Skills shortage Report reveals a lack of skills is holding back the UK’s big reshoring drive

Source: In-Comm Reading Time: 4 min

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Over 50 percent of UK manufacturers lack the skills to benefit from the growing reshoring trend, as revealed by the In-Comm Training Barometer. While 53 percent of companies believe there's a need to enhance workforce skills to reshore successfully, only a quarter have managed to do so over the past year.

It appears industry has woken up to the fact that it needs to develop its own talent pools as outbidding rivals for staff is only going to be a short-term fix.
It appears industry has woken up to the fact that it needs to develop its own talent pools as outbidding rivals for staff is only going to be a short-term fix.
(Source: frei lizenziert / Pixabay)

More than half of manufacturers in the UK feel they don’t have the right skills to take advantage of the growing ‘reshoring’ trend according to the In-Comm Training Barometer.

53 percent of companies said they would need to invest in boosting the skills of the workforce if they are to bring work home, with just over a quarter saying they have successfully brought contracts back over the last twelve months.


A similar number (23 percent) have kickstarted reshoring strategies, with the majority holding back due to restraints with their current and future workforce.

The findings, which covered more than 100 manufacturers, hammered home the current labour shortage hitting industry and indicated changing perceptions towards ‘growing your own’ staff.

On a positive note, 82 percent of management teams have indicated they are planning to take on an apprentice in the next twelve months, citing developing future talent as the most popular reason followed closely by ‘filling a skills gap’.

Just 12 percent said the latter was their reason for investing in vocational learning in 2022, compared to 46 percent this time around, highlighting what could be a real shift in how firms are taking a longer-term approach to overcoming ‘people’ shortages.

It appears industry has woken up to the fact that it needs to develop its own talent pools as outbidding rivals for staff is only going to be a short-term fix.

“It’s a very complicated training and skills landscape out there at the moment,” admitted Gareth Jones, Managing Director of In-Comm Training, which runs two state-of-the-art Technical Academies in Aldridge and Telford.

“Engineering and manufacturing seem very buoyant and we’re constantly hearing stories of growth and new opportunities, especially around future mobility and a resurgent aerospace sector. Our Barometer echoes this in part, but also paints a picture of a sector that is massively hamstrung by a lack of skills.

“An already huge gap has been accentuated due to Brexit and effects of the pandemic, not to mention the fact that businesses are fishing in a jobs market that is favouring the candidate more than the employer for the first time in years.”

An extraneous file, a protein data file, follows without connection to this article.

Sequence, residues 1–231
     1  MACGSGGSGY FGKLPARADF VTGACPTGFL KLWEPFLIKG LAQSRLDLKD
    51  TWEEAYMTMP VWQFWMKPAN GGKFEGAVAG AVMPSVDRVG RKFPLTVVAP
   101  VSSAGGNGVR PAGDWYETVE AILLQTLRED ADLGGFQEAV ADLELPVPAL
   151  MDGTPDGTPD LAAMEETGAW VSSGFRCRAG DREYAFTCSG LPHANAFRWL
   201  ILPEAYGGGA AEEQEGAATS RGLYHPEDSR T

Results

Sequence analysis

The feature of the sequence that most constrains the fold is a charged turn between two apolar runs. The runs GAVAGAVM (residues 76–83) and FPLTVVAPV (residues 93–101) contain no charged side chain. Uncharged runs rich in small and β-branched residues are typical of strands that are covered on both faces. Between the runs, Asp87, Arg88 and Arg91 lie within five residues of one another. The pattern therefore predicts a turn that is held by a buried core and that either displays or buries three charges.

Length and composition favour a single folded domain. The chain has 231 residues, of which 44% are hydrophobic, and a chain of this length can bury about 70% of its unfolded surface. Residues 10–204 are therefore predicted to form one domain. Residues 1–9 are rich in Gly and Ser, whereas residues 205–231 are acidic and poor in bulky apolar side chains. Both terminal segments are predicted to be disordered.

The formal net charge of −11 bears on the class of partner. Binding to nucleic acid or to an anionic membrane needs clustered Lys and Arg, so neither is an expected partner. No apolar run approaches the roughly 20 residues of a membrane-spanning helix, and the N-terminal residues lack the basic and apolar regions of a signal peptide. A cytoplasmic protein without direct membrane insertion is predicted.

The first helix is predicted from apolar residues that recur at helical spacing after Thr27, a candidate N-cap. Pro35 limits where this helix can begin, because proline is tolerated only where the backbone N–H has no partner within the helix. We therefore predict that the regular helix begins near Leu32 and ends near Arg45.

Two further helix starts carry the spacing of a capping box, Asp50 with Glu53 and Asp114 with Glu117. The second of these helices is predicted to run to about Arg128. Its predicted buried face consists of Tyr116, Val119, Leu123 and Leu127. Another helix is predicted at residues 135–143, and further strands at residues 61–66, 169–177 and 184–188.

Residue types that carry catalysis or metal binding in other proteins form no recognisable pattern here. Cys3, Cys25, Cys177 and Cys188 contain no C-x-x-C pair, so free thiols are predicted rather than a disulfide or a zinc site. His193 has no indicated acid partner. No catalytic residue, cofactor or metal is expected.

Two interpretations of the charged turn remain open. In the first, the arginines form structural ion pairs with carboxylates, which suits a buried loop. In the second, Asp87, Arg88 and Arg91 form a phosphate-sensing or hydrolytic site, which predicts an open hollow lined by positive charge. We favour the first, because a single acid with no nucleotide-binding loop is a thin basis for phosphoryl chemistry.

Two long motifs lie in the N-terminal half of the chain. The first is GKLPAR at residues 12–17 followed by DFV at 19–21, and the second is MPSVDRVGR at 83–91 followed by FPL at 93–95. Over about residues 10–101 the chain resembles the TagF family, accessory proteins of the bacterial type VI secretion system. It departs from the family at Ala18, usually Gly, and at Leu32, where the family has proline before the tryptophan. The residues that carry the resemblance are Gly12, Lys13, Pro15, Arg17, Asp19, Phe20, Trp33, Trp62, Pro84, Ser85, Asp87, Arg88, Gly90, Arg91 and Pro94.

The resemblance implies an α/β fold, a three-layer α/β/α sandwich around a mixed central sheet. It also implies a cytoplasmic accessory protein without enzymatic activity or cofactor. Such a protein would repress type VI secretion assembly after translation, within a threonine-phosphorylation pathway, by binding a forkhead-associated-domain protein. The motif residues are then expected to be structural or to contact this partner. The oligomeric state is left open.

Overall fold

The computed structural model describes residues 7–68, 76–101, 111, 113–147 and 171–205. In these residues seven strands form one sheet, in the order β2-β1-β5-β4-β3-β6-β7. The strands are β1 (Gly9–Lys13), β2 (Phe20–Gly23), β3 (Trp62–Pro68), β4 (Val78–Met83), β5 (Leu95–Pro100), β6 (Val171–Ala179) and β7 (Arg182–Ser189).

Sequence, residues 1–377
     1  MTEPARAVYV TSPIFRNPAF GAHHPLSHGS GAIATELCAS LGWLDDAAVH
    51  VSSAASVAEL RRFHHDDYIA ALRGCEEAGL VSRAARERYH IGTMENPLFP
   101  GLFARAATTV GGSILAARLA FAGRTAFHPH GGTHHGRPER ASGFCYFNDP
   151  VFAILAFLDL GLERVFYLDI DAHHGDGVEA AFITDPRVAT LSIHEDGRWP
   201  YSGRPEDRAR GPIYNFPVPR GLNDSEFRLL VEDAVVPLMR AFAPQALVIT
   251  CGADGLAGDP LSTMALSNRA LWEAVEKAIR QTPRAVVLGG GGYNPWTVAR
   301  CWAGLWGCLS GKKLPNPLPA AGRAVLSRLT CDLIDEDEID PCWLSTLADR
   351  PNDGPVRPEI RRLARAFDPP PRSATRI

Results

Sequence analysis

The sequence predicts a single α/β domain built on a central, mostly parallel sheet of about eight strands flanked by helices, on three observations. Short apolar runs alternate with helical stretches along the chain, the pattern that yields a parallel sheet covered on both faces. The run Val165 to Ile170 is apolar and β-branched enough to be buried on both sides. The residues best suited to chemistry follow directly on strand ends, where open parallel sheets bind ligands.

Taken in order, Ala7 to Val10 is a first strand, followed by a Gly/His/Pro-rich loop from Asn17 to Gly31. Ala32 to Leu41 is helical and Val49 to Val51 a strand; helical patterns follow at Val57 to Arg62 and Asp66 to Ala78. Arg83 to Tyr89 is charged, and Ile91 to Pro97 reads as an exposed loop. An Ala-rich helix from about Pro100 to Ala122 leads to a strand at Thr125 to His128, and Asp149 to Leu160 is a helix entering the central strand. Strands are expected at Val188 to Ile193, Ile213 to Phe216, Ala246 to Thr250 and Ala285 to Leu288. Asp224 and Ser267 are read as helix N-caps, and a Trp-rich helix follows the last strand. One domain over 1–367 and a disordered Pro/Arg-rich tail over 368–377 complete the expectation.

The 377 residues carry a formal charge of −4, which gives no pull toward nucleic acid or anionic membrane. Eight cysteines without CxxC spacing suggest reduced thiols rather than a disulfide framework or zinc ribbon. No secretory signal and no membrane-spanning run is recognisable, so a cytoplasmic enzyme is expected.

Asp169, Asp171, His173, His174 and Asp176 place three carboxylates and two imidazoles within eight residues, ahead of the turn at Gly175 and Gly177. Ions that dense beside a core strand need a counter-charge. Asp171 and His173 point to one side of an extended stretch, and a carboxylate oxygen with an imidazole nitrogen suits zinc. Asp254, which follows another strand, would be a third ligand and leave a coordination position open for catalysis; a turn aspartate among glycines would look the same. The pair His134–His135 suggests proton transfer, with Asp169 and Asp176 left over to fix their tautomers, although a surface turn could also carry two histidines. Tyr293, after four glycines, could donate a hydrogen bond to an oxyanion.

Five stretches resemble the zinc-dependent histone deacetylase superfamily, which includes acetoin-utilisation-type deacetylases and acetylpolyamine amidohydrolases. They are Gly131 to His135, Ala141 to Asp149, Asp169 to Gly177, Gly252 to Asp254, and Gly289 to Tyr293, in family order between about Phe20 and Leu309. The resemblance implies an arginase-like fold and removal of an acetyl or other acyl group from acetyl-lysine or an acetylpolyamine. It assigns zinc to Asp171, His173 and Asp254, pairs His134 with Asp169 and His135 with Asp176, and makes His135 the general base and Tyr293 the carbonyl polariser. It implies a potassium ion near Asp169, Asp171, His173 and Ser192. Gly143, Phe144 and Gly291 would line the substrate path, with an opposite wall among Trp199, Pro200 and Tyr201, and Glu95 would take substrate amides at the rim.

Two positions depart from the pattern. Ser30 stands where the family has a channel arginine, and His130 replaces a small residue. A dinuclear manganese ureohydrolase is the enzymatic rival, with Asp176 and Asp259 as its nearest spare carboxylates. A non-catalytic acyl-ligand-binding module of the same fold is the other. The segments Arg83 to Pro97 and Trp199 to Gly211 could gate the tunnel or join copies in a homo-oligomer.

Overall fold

He continued: “So how are manufacturers responding? This is where things get very complicated.”

Although more than three quarters are worried about retirement causing an even bigger drain on skills, this is not directly reflected in the number of firms planning to upskill their existing workforce to fill some of the gaps that are appearing.

Only 55 percent of companies plan to boost the skills of their existing staff, a figure expected to be much higher considering the lack of ready-made options and the benefits of flexible upskilling courses that give the ability to boost the skills of the workforce whilst minimising disruption to production.

Gareth went on to add: “This is where we need to engage the disengaged businesses. There are too many owner-managed companies not looking to grow or develop succession plans, resulting in some really good manufacturers failing due to a lack of planning.

“One of the barriers is often losing staff for a significant length of time when they are training, which leads me to think we need to explore more modular, shorter courses rather than longer, wider qualifications. Firms want employees that have a specific skill set and that sometimes doesn’t fit an apprentice framework for example.

“In reality, industry wants the old EITB model back where it becomes a levy for all types of training and not just for apprenticeships. We’re certain that would be the holy grail for employers.”

Whilst a lot of the skills issues for manufacturers have been long running, the next industrial revolution has developed the need for a new set of skills, predominantly around Industry 4.0 and Digital Manufacturing.

These were identified in this year’s In-Comm Training barometer as being key requirements, with 48 percent and 54 percent respectively saying they want to invest in these areas. They have also risen in importance from 2022, whereas electrification has remained constant, hovering around the 20 percent of respondents mark.

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Gareth concluded: “I believe this trend can be directly attributed to how more and more manufacturers are engaged in data capture and digital transformation projects, meaning there is an immediate need for skills to support these efforts.

“The potential for electrification is huge, but maybe we are yet to see it permeate down all tiers of the supply chain? These figures tend to reinforce that notion.”

All the intelligence generated from the In-Comm Training Barometer will be shared with key industry stakeholders, technical partners and with Ministers to accelerate positive change when it comes to future skills funding.

The findings are also used to support industry, and this could be through the delivery of more modular programmes (both inside and outside of conventional working hours) and by creating more unique offerings like the recently launched Precision Tooling Academy with Brandauer.